What you should know getting started
What should I expect?
A “typical” dose is 100-200 milligrams injected every two weeks, and the cost will vary depending on insurance. In 2-10 weeks, you should start to see the effects of the testosterone: development of facial hair, deepening of the voice, changes in body mass, decreased glandular tissue in the breasts and clitoral enlargement.
Each person is different, so it may take more or less time to see changes, and it may take several months to a few years to achieve the full effect of the testosterone.
What about side effects?
While using testosterone, the most common side effect is acne, which up to half of patients experience. Your doctor will also monitor your liver function, especially if you have risk factors for liver disease. In some high risk patients, testosterone can worsen liver function or existing liver damage. Many patients also experience some soreness at or around the injection site for a few days after their injection. You may also experience a change in sense of smell.
Before you inject
Make sure your testosterone vial is free of any crystals, discoloration, or other contamination.
Prepare the area: make sure you are in a safe, clean environment. Wash your hands and make sure you swab the vial and the area you are injecting with alcohol to get rid of any unwelcome bacteria. Breathe! The first few injections can be nerve-wracking while you get used to the process. Try to keep yourself calm – sometimes the support of a close friend or family member helps.
NOTE: Crystals can form in cold environments – dissolve them in warm bath water. Also, make sure you have an appropriate container close by, such as a sharps container, to dispose of the used needle. Safety is a top priority!
Injecting – a step-by-step guide
After you have prepared the area, you can follow these basic steps for the injection:
1. Draw up your dose – it may help to use a larger needle for this step. Inject air equal to the amount of liquid you will draw up and tip the vial upside down while you draw up your dose. Try to get rid of any air bubbles in the syringe by flicking them to the top and pushing the air out.
2. Change to a smaller needle if you used a larger one to draw up the medication.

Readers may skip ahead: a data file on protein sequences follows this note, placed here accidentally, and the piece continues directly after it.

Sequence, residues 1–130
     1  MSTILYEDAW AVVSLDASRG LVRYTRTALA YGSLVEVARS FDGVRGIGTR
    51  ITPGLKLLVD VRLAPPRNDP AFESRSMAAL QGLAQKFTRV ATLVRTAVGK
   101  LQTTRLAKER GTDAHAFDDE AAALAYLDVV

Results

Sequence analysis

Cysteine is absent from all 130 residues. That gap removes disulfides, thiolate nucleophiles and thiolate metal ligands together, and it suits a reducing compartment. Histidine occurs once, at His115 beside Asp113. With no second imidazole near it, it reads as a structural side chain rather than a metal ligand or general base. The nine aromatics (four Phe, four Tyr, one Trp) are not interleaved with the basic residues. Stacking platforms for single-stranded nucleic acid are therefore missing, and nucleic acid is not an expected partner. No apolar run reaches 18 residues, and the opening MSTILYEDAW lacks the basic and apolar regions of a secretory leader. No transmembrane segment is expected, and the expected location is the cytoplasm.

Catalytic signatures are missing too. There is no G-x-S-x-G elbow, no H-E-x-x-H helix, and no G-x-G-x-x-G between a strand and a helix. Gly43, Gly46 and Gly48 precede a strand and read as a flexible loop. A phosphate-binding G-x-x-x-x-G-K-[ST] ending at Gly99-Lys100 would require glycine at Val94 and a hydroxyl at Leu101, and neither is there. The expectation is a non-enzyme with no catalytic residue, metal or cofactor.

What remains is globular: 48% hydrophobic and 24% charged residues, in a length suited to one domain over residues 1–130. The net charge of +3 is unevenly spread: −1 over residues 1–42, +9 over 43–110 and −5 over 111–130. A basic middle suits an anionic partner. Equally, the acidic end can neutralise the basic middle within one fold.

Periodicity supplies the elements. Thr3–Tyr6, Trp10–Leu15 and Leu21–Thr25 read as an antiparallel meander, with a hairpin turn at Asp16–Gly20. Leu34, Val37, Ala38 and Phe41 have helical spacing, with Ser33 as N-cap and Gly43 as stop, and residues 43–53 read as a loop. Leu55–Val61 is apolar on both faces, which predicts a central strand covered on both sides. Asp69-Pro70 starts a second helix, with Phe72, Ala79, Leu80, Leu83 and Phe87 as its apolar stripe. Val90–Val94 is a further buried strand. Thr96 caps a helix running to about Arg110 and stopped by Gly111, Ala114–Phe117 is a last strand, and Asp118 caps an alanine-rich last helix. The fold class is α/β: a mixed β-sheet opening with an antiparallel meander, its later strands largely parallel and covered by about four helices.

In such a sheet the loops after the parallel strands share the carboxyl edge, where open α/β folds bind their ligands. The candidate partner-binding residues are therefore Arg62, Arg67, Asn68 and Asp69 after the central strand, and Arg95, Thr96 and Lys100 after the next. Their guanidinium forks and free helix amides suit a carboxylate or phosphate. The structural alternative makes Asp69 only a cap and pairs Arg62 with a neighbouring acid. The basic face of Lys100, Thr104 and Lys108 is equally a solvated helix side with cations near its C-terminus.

3. Insert the needle into your muscle at a 90 degree angle. Most people use their upper, outer thigh. When inserting the needle, there will be more resistance through the skin, then less as you move through the subcutaneous fatty layer, then more again when you hit the muscle. Most people use a needle length which allows the entire needle to be inserted.
4. Inject the testosterone. A slower injection can help reduce soreness.
5. Remove the needle and toss the syringe in a sharps container. Use a cotton swab or bandage if some bleeding is present.
We are here to help!
If you don’t find the answers to your questions, please feel free to give us a call or stop in. We want to help you feel comfortable and safe with your medications and are happy to talk with you in more detail.
This brochure was created as part of my student internship. If you have any further questions or would like to know more, please contact the Community Pharmacy staff.
Victor Warne DPH-4, 2015
UW Student of Pharmacy School
1. Vance SR, Halpern-felsher BL, Rosenthal SM. Health care providers’ comfort with and barriers to care of transgender youth. J Adolesc Health. 2015;56(2):251-253.
2. Giltay EJ, Gooren LJ. Effects of sex steroid deprivation/administration on hair growth and skin sebum production in transsexual males and females. J Clin Endocrinol Metab. 2000;85(8):2913-2921.
3. Gooren LJ, Giltay EJ. Review of studies of androgen treatment of female-to-male transsexuals: effects and risks of administration of androgens to females. J Sex Med. 2008;5(4):765-776.
4. Gooren LJ, Giltay EJ, Bunck MC. Long-term treatment of transsexuals with cross-sex hormones: extensive personal experience. J Clin Endocrinol Metab. 2008;93(1):19-25.
5. Slagter MH, Gooren LJ, Scorilas A, Petraki CD, Diamandis EP. Effects of long-term androgen administration on breast tissue of female-to-male transsexuals. J Histochem Cytochem. 2006;54(8):905-910.
6. Lapauw B, Taes Y, Simoens S, et al. Body composition, volumetric and areal bone parameters in male-to-female transsexual persons. Bone. 2008;43(6):1016-1021.
7. Mueller A, Kiesewetter F, Binder H, Beckmann MW, Dittrich R. Long-term administration of testosterone undecanoate every 3 months for testosterone supplementation in female-to-male transsexuals. J Clin Endocrinol Metab. 2007;92(9):3470-3475.
8. Wierckx K, Elaut E, Van caenegem E, et al. Sexual desire in female-to-male transsexual persons: exploration of the role of testosterone administration. Eur J Endocrinol. 2011;165(2):331-337.
9. Costantino A, Cerpolini S, Alvisi S, Morselli PG, Venturoli S, Meriggiola MC. A prospective study on sexual function and mood in female-to-male transsexuals during testosterone administration and after sex reassignment surgery. J Sex Marital Ther. 2013;39(4):321-335.